- if a majority of shareholders vote in favor of the nonbinding proposal to strip him of his role as chairman of the board, and
- he remains chairman of the board, then
- he’s probably too powerful!
Let’s find out!
Honestly, who cares who cares who cares who cares if JPMorgan’s board has an independent Chairman or just an independent Presiding Director? The board’s job is to keep an eye on Jamie; if it failed to do that then giving it a fancy new title doesn’t seem likely to improve performance. Is it your impression that Jamie Dimon, who apparently rides roughshod over pissant Presiding Directors,1 will nonetheless be meek and subservient when faced with a Chairman?
Discussion about this proposal is confused because some people think that having an independent chairman is a good thing in all circumstances, or at least say they do; CalPERs’s governance czar, for instance, believes that “There’s a fundamental conflict in combining the roles of chairman and C.E.O.” and so CalPERS will vote to split the roles at JPMorgan just as they did last year. Others think that, y’know, it depends on the people. The people here would presumably remain the same though there’s some rumbling that Dimon would take his toys and go home if he couldn’t be chairman too.
Outside of CalPERS, though, the universal-good-governance theory doesn’t seem to move anyone much. Here, if you’re interested, are JPMorgan’s top 20 shareholders:
So around 45% of JPMorgan’s top shareholders separate the chairman and CEO, which is a bit more than the average for U.S. public companies,2 but I guess if you’re an institutional investor you’re more governance-focused than if you’re just like an oil company or whatever. By shares, though, these guys3 tilt strongly toward the imperial-CEO model. For what it’s worth. (Nothing?)4
Realistically, though, this proposal is not about What Is The Right Form Of Corporate Governance; it’s about How Mad Are We At Jamie Dimon.5 And the answer is A Medium Amount, right? I think you’d have to characterize the Whale thing as being a bit of a failure. Though the failure doesn’t seem to me to have occurred mainly at the board-to-CEO-relationship level: the problems were less the board not keeping an eye on Dimon, and more Dimon not keeping an eye on Ina Drew, Drew not really understanding what her team was up to, and the team not really understanding what was wanted of them.6
But the point is less how to improve those relationships and more on how much to punish Dimon for the failures of his marine menagerie. And that’s a squishy question isn’t it? He’s already been punished a bit, both financially – he lost half his bonus! – and via the sort of public-shaming processes that I imagine work better on people other than bank CEOs.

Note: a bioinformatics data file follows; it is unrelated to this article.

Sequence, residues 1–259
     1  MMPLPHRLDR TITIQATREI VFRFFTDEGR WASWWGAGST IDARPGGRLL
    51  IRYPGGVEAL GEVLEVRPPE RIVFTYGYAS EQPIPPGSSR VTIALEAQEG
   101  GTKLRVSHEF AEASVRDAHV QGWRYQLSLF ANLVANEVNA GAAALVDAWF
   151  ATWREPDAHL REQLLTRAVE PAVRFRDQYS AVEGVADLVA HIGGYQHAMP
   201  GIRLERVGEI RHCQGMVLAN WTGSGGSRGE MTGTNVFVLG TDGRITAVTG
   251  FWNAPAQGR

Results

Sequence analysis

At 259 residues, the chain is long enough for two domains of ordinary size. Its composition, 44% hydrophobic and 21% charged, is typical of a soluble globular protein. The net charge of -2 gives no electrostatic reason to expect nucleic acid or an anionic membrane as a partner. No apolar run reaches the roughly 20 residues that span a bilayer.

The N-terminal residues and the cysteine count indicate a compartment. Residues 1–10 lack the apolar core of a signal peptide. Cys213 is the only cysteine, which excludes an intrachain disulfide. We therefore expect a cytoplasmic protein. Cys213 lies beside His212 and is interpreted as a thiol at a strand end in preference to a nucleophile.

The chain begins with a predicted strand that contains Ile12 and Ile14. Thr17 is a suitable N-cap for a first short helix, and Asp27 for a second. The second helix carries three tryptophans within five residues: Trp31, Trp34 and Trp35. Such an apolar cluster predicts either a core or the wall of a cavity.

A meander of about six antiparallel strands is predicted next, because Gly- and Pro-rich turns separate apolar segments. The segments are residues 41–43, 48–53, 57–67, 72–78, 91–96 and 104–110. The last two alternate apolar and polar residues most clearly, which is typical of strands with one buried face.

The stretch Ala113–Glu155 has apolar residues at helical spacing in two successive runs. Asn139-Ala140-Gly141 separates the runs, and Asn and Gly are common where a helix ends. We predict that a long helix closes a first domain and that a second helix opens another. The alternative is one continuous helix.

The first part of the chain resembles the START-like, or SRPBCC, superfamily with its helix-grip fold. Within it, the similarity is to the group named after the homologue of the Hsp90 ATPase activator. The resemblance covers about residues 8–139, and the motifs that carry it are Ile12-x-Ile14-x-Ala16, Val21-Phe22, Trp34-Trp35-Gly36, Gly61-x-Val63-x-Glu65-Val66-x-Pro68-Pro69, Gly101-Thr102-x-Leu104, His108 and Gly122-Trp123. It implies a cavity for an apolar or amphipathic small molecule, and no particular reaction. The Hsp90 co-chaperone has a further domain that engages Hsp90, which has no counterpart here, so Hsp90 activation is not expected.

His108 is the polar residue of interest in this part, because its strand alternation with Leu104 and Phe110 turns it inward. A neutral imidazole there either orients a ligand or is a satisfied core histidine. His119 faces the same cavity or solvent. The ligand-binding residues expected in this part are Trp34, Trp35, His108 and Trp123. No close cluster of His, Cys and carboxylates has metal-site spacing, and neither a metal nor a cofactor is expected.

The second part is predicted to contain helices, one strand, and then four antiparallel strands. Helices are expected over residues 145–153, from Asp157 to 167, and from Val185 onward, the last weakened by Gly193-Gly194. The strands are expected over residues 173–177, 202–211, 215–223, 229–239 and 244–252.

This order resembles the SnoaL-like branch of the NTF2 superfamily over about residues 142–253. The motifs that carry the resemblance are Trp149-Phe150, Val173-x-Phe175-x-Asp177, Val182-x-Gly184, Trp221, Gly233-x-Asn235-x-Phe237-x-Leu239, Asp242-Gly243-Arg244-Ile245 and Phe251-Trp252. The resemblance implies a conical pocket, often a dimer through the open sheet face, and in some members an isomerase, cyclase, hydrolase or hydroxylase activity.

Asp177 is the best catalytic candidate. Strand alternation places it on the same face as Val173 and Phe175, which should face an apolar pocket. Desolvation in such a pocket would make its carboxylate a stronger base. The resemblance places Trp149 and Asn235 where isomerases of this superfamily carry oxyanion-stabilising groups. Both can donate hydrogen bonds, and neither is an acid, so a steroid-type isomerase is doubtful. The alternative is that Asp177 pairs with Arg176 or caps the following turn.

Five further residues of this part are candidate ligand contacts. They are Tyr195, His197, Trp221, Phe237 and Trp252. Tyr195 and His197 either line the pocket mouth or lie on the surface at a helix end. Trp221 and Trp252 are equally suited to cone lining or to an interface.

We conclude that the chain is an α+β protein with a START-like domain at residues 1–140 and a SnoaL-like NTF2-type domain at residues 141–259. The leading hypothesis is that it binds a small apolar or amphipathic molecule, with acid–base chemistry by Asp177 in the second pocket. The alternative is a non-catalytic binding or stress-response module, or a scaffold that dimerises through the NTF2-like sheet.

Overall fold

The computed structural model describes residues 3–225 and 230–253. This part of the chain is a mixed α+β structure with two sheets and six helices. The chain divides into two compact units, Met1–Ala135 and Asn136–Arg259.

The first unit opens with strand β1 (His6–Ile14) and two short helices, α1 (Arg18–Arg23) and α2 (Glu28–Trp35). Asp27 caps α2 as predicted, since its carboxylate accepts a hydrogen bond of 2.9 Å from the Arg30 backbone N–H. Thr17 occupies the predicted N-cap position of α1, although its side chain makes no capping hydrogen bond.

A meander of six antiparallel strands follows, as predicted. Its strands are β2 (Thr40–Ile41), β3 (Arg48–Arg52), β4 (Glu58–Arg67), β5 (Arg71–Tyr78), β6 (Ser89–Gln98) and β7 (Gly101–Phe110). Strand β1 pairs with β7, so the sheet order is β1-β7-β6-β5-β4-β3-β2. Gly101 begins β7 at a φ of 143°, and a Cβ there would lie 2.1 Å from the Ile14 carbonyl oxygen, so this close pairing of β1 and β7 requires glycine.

Isn’t that enough? Is it? One thing that I’ve tried to do here as a public service to our readers7 is to render a bit more predictable and quantifiable how much trouble you’ll get in – measured in years of jail time – for insider trading; that’s proved tolerably easy in part because each axis is readily quantifiable. The much broader question of how much trouble you’ll get in, measured in lost perks and strange rituals of pride, for committing any of the world’s other wondrously diverse forms of ineptitude is of course much harder; even measuring what malfeasance is worse (rogue trader or rogue algorithm?) and what punishment is more severe (Senate hearing or lost chairmanship?) seems daunting. I’ll leave the work to someone else but I think the form is something like this:
And JPMorgan’s vote on May 21 will provide a useful data point. Also though I hope there’s a slot, more severe than “lose half your bonus” but less severe than “lose your chairmanship,” for “have shareholders vote for you to lose your chairmanship but keep it anyway.” And then I hope that the board chooses that option.
1. Whose powers include that he “will approve Board meeting agendas and schedules for each Board meeting, and may add agenda items in his or her discretion,” as opposed I guess to the proposing of agendas that the chairman does, though the distinction seems like a bit of a formality; getting the last look at the agenda seems more agenda-setting than doing the first draft no? I dunno, agendas. How often do you think board meetings are like “We can’t talk about that, Fred, it’s not on the agenda”? Pretty often, right?
Incidentally there are other theories on what a vote on this proposal might mean; here you can read about how BlackRock’s vote is an emblem of the shift of power from the sell side to the buy side, which is somewhat undercut by the fact that BlackRock won’t be voting its own shares.
6. Really Dimon comes across not as too powerful but not powerful enough; there’s that amazing bit on page 46 of the Senate report (previously) where Dimon asks the CIO for an analysis of the correlation between its positions and the portfolio it was meant to hedge, and the CIO ignored him. “We’re busy, Jamie, go away.” What? I guess that argues for separating the chairman and CEO job so that Dimon can focus more on overseeing operations and leave the big-picture stuff to Presiding Director Lee Raymond? Maybe?
7. But not as legal advice.